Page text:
Teaching and learning Performance Art

With Jörn in Fluid Academy. Photo: Evamaria Schaller

I have just arrived home from Bern, Switzerland, where BONE 18 performance art festival was held. It is the subject of ICE HOLE 1/16 (coming out in March/April) that I’m co-editing with my dear colleague Jörn J. Burmester. The issue will have the same theme as the festival: how to teach and learn performance art. Today it is taught on university level. What does institutionalizing do to performance art and is it even possible to teach and learn such a rule breaking art form in a school? I mean, it’s like asking can you teach punk attitude in an institution…

Besides watching performances each night, I spent my days in Fluid Academy organised by Jörn; an open learning and teaching space of five days for anyone interested. It was like a workshop but not exactly. Jörn had chosen some themes for each day and invited some guests but on top of that there were no teachers or students. That was the rule. All participants were teachers and students at the same time. In the first day Jörn wrote on the black board “How to be fluid?” and we all, including him, started improvising in the space with some random objects and materials that were put there. By meeting artists with different ages, backrounds and practises in action was the answer. The following days we observed the streets of Bern through a wooden frame and created performance scripts from the most interesting observations. Then there were guests. Performance Artist Dani Ploeger threw his interest in žižekian objective and subjective violence on to the table and held a music lesson of Denis Cuspert’s music; the rap he did under the name Deso Dogg and the jihad war song he has done as Abu Talha al-Almani after joining ISIS. Artist, Curator and Writer Joël Verwimp instead wanted to find out could performance art be listed in UNESCO’s Intangible Cultural Heritage list. We went through the criteria by trying out stuff and discussing. In the end I wasn’t sure if UNESCO would accept performance art in the list but I was convinced that it should be listed, as it is the most accessible of all performative arts (anyone can do it, no particular techniques needed) and yet the most “difficult” because of it’s freedom. On the last day we declared 4th of December as the Day of Performance Art in a tiny public demonstration.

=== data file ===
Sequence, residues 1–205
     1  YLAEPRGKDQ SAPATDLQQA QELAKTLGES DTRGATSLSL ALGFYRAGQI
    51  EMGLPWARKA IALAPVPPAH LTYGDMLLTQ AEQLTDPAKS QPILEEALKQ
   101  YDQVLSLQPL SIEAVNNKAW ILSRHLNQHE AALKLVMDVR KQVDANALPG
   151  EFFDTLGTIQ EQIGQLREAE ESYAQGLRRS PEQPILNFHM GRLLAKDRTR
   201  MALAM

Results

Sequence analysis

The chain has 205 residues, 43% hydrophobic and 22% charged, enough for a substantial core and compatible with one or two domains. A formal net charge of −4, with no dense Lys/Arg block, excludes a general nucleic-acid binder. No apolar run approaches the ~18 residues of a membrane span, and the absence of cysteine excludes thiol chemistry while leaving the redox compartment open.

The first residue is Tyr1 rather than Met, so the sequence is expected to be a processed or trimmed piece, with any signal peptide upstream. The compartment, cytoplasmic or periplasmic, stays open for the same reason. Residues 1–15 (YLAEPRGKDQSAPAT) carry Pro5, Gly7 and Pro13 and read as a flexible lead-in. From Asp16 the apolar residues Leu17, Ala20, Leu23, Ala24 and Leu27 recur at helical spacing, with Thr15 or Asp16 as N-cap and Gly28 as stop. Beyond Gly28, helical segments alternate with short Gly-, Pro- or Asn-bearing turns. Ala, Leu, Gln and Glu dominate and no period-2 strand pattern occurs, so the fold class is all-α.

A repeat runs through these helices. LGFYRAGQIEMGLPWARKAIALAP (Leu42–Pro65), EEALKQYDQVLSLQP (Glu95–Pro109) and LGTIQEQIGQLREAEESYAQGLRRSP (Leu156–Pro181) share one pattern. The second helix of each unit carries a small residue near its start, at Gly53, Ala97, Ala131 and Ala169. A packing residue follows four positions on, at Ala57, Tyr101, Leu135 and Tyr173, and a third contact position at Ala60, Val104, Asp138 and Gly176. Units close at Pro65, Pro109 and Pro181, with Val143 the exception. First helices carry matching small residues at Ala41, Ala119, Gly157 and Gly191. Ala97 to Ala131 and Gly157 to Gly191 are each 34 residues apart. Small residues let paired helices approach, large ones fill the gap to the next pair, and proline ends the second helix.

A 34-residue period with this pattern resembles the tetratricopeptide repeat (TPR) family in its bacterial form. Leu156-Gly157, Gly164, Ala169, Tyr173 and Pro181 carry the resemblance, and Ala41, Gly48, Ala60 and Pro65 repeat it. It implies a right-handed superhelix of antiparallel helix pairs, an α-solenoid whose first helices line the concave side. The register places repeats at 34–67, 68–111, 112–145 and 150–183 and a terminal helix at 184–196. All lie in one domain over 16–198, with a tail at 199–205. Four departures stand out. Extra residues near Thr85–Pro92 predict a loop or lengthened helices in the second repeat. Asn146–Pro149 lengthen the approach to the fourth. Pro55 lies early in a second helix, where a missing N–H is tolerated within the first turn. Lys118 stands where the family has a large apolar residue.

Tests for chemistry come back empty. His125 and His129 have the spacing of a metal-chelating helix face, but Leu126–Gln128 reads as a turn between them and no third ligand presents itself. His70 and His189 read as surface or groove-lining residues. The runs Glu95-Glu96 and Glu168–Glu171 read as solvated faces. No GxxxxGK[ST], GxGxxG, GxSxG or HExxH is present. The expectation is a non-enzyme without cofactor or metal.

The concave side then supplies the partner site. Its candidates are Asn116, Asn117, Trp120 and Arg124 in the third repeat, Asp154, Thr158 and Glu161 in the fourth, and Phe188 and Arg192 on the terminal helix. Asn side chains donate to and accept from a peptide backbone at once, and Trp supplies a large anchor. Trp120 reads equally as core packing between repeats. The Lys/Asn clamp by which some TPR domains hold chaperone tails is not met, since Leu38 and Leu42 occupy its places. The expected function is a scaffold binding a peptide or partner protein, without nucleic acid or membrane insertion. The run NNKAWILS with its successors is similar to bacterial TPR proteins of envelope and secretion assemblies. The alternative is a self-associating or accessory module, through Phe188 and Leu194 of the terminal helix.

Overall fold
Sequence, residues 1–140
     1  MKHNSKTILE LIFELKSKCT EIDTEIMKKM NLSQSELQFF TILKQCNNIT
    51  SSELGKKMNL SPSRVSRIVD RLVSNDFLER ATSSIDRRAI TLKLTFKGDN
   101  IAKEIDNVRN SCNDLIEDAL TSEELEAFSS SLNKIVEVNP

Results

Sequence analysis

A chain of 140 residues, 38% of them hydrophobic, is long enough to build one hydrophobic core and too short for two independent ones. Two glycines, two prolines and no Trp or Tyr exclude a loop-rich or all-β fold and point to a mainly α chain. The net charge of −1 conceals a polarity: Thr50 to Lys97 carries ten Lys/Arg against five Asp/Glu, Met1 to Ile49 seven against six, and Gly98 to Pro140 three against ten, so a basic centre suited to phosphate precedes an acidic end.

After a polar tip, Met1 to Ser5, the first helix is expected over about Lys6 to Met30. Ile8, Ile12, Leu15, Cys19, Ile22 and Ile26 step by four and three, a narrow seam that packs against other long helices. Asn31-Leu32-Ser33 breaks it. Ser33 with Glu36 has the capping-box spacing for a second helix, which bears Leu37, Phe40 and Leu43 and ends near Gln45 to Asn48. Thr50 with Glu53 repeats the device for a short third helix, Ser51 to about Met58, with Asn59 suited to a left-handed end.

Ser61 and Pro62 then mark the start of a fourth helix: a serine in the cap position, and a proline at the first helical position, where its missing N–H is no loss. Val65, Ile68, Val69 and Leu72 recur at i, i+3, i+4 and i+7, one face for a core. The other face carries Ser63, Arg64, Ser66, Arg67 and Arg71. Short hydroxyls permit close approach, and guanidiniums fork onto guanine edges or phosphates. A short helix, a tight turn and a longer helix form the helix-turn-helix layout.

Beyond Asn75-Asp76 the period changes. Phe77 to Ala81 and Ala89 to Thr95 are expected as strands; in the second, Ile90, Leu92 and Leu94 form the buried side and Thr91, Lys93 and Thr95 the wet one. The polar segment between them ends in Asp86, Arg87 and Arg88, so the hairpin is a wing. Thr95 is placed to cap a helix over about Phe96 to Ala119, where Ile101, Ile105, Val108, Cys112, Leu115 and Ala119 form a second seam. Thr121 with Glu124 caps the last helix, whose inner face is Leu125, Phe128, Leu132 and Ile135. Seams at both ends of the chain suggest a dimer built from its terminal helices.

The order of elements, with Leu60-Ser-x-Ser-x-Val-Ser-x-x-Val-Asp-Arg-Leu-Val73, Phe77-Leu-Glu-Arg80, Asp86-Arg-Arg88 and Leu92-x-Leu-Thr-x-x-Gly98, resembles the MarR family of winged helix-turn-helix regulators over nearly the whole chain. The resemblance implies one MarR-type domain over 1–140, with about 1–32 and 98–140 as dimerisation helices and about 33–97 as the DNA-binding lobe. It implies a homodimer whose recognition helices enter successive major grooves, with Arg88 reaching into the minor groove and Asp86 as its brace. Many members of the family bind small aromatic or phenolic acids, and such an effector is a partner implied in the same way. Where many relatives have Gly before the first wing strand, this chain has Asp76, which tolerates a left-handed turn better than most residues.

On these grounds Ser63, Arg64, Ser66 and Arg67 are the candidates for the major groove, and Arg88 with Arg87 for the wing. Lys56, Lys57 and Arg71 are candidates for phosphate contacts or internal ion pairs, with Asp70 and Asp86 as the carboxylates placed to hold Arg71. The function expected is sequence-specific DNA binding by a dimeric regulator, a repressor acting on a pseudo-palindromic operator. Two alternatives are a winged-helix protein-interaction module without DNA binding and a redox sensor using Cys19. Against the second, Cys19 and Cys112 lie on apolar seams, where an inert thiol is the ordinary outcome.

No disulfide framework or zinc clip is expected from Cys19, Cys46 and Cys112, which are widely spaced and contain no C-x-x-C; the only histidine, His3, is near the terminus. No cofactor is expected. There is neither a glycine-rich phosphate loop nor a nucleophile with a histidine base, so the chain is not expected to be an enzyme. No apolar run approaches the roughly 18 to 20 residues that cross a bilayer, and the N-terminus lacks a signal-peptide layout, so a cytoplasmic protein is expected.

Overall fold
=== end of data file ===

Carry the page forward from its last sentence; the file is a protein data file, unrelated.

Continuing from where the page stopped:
Black Market International, an encounter of 12 performance artists world wide, was celebrating it’s 30th anniversary in BONE 18. The members represent different ages and practices and they meet and perform together once or twice a year. In Bern they were all on stage for two performances based on improvisation, the first without objects and latter with objects and materials. Besides this they each made solo or duo performances throughout the festival. I was really moved by them, by their work, by their attitude and their personalities. You could see long experience and love of performance art in them. I had a chance to improvise with some of them in Fluid Academy and it was a pleasure. They were so instantly fluid!

So yes, I do believe that performance art can be taught and learned. By doing it yourself and watching others doing it. For example in a festival like BONE. You don’t need a degree for it but like with any form of art I think the institutional posts, degrees and studies are there to give these marginal ways of being a social and cultural weight they deserve. And of course, to have the possibility to study for example performance art in a university, to specialize, is a great fruit of civilisation. But what will happen in the future, as the genres continue mixing and merging, and performance art, as Jörn pointed out, is the most fragile of them all? Many performances in BONE 18 were as interdiciplinary, as participatory as contemporary theatre or dance performances today. And what will happen if finally all education becomes profit oriented? Is the choice of an artist a profession per se after all? This is what I discussed with another dear colleague, Florian Feigl, who for the time being works as a professor of performance art. This was his punch line:

“I should give them dental floss as a graduation present and tell them to start flossing. Because in the future they won’t have the money to go to the dentist.”

Some photos I took from Black Market International performance on Sunday 6th of December:

Boris Nieslony, Jürgen Fritz, Alastair MacLennan
Elvira Santamaria Torres
Boris Nieslony, Jürgen Fritz, Roi Vaara, Marco Teubner
Helge Meyer, Marco Teubner
Myriam Laplante, Elvira Santamaria Torres
From behind a plastic wrap: Lee Wen leaning against Jürgen Fritz’s back.
Christmas tableau